Out of My Head

Dolby elicits multichannel sound from stereo headphones.Multichannel surround sound is becoming increasingly important, not only for movie soundtracks

Dolby elicits multichannel sound from stereo headphones.

Multichannel surround sound is becoming increasingly important, not only for movie soundtracks but for music recordings. Of course, you need a playback system with at least six channels of amplification and corresponding speakers to hear these multichannel music disks and movie soundtracks in their full glory. But what if you want to listen to such a disc while your spouse sleeps in the next room - or even next to you in bed? With a stereo source, headphones are the obvious answer. But how can stereo headphones deliver multichannel sound?

Several companies have tried to address this problem without much success. I've listened to some of those companies' systems and been quite underwhelmed - until now. Lake Technology (www.laketechnology.com), an Australian R&D firm, has developed a sophisticated DSP algorithm that simulates the surround-sound experience astonishingly well, using any pair of stereo headphones. Lake has licensed the technology to Dolby Labs (www.dolby.com), which in turn licenses it to manufacturers under the name Dolby Headphone.

I first heard a Dolby Headphone demonstration at the 2000 Audio Engineering Society convention in Los Angeles. A small home-theater system was set up with five speakers and a subwoofer, in addition to a set of headphones for each seat. A short video presentation explained the system's basic principles and played various audio clips in stereo and multichannel mode for comparison. During the first multichannel clip, I took off the headphones to see if the external speakers were on; at that very moment, the pre-recorded announcer said, "No, the speakers aren't on!" The rich, open sound seemed to come from all around outside my head. In contrast, the stereo version seemed quite harsh and strident inside my head.

How can the multichannel experience be simulated with conventional stereo headphones? The Dolby Headphone algorithm models the acoustic behavior of five speakers and a listener in a room. It includes several primary elements: inter-ear arrival time (the difference between the moments at which a sound arrives at each ear), head-related transfer functions or HRTFs (which describe how a sound's spectrum changes as it diffracts around your head), and room response, including early reflections and reverb tails (see Fig. 1).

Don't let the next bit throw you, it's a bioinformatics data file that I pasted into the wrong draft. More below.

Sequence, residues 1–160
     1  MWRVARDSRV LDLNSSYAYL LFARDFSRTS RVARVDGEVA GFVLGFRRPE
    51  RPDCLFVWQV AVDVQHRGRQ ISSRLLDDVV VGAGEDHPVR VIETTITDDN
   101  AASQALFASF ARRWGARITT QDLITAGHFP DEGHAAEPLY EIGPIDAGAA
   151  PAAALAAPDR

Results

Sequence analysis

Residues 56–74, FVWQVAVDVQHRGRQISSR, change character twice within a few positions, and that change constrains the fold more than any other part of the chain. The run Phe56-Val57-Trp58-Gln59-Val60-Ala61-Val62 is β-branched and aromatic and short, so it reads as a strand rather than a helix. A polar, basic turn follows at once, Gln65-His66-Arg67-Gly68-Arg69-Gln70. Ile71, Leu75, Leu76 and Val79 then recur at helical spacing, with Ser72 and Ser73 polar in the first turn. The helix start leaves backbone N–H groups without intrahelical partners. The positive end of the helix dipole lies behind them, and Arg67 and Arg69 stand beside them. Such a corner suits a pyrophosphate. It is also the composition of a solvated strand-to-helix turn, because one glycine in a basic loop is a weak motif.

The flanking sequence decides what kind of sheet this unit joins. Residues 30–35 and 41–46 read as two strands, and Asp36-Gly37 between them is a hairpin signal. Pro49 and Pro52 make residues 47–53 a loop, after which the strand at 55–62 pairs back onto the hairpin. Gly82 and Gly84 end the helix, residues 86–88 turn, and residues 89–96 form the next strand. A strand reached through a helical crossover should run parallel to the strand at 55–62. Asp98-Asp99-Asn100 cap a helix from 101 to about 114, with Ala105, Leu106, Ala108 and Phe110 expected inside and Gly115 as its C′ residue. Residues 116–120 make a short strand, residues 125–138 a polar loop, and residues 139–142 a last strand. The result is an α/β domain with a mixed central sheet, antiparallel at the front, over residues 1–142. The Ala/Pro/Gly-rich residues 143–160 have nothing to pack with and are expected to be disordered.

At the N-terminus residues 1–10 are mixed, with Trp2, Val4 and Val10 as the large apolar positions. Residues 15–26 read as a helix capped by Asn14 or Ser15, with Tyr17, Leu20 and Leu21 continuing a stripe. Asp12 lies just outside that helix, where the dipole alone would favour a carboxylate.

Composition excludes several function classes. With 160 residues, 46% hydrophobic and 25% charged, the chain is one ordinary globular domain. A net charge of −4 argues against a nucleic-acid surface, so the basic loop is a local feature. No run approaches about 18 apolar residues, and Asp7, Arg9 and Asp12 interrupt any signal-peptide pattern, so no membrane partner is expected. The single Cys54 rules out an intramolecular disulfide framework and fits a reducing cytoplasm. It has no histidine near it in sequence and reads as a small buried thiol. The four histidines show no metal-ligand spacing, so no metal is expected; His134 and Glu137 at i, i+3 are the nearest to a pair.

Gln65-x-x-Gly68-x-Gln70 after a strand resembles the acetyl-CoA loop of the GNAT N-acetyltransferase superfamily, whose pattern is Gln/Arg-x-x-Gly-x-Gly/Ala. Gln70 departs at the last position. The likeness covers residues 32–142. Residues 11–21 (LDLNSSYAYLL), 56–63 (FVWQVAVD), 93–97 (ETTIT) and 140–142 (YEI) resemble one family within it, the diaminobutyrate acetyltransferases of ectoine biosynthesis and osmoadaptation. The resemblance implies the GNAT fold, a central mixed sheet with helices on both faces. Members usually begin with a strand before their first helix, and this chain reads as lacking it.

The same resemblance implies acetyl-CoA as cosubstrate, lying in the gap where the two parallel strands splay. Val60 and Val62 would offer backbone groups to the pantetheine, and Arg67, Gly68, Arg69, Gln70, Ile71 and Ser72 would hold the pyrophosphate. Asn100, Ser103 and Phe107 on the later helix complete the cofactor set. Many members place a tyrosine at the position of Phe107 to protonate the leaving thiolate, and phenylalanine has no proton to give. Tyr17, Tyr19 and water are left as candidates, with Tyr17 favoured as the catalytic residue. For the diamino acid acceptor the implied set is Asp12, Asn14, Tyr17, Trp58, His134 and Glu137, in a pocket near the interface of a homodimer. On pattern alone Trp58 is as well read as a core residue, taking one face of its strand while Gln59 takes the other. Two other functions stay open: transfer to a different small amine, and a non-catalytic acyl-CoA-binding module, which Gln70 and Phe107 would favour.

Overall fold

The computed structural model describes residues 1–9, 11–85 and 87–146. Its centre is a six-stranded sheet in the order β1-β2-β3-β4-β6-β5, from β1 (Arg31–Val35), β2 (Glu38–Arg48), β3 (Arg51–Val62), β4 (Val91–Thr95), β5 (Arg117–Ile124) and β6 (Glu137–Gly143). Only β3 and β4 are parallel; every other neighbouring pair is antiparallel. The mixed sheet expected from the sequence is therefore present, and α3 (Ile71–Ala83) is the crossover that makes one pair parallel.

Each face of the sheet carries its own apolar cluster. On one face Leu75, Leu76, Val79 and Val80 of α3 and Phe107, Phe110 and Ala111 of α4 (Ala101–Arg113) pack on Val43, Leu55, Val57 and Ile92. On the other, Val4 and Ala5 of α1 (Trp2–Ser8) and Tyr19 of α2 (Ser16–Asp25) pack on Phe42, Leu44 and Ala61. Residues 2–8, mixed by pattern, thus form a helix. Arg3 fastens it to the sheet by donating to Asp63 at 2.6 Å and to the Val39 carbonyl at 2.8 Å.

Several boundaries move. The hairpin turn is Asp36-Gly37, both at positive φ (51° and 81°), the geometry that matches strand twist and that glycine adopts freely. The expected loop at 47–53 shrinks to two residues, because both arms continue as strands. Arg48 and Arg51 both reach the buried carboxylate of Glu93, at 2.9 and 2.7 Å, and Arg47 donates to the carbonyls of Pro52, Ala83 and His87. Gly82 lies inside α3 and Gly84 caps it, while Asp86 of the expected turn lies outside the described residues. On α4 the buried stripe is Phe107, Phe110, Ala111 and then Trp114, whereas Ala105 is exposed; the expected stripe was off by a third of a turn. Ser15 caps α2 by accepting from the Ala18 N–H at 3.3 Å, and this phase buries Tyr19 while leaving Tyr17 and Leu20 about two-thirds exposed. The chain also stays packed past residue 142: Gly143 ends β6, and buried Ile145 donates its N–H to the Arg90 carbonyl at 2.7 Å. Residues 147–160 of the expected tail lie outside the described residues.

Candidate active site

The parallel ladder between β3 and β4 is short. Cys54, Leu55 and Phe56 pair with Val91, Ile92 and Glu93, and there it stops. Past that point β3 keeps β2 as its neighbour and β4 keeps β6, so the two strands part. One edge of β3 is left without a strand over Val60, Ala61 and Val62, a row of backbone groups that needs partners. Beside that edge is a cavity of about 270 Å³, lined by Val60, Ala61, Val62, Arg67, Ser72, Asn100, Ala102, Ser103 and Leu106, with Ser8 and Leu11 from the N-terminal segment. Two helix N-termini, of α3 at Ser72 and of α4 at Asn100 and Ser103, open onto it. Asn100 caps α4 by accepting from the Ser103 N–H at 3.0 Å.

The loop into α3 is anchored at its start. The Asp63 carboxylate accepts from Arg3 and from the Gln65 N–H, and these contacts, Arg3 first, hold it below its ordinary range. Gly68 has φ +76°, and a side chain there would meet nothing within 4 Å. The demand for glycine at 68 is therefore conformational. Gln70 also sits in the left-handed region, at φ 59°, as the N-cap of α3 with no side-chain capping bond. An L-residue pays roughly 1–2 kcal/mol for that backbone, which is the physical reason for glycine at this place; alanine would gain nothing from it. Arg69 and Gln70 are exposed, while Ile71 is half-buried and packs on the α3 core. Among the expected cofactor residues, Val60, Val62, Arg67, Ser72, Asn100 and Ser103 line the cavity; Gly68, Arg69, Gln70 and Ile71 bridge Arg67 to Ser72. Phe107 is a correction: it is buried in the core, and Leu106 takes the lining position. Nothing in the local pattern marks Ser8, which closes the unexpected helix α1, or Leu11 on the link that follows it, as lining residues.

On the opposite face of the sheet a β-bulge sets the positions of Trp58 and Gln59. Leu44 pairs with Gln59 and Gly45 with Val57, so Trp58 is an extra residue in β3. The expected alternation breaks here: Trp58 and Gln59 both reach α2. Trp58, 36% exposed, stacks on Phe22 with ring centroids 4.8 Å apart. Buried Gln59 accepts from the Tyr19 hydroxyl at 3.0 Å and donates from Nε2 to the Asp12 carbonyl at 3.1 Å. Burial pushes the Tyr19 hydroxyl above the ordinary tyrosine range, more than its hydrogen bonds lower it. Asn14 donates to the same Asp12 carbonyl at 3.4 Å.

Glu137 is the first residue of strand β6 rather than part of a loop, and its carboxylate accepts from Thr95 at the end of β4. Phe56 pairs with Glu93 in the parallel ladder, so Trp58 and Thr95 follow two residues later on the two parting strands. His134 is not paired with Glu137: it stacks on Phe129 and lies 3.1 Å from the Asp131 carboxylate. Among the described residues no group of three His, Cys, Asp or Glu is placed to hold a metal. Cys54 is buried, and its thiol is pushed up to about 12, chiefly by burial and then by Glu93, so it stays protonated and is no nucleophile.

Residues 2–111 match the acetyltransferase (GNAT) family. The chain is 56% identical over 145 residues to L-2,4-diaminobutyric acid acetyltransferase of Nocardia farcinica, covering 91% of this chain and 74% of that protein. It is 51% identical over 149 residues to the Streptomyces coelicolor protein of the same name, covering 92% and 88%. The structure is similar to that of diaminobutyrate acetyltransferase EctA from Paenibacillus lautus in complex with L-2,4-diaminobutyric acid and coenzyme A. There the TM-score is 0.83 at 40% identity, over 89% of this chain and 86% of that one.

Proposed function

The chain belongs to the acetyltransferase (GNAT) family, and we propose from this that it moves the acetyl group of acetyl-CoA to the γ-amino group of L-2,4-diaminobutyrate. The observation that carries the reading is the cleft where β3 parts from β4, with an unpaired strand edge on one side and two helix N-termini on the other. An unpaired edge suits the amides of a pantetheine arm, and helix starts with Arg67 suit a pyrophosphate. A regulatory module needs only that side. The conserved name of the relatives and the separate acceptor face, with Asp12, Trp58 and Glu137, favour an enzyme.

The acoustic path from each virtual speaker to each ear is simulated by a 7,000-tap finite impulse response (FIR) filter, which is said to be 350 times more precise than those used in previous headphone-surround systems. Ten such filters are required to reproduce the effect of five speakers placed around the listener. That many large filters normally require excessive processing power and introduce pronounced latency; Lake's new convolution techniques eliminate these problems.

Lake has coded the algorithm for several general-purpose DSP chips, including the Zoran ZR38650, Analog Devices ADSST-MELODY-1000, and Motorola DSP56300 family. In addition, the company has developed core code for application-specific integrated circuits (ASICs) dedicated to Dolby Headphone, which Sanyo Semiconductor recently announced it will manufacture. Finally, the algorithm can run as software on a PC with an Intel Pentium II or III or an AMD K6-II CPU running at a clock speed of at least 400 MHz.

The obvious application is to include a Dolby Headphone switch on consumer A/V receivers and surround processors; hit the switch, and the five main channels are routed through the algorithm to the headphone output. (Because bass frequencies are not directional, the ".1" LFE channel is passed unaltered to both sides of the headphones.) Other potential applications include game consoles and computers.

Dolby Headphone is set to become an important part of the emerging multichannel-audio market. I look forward to using it while my wife slumbers beside me.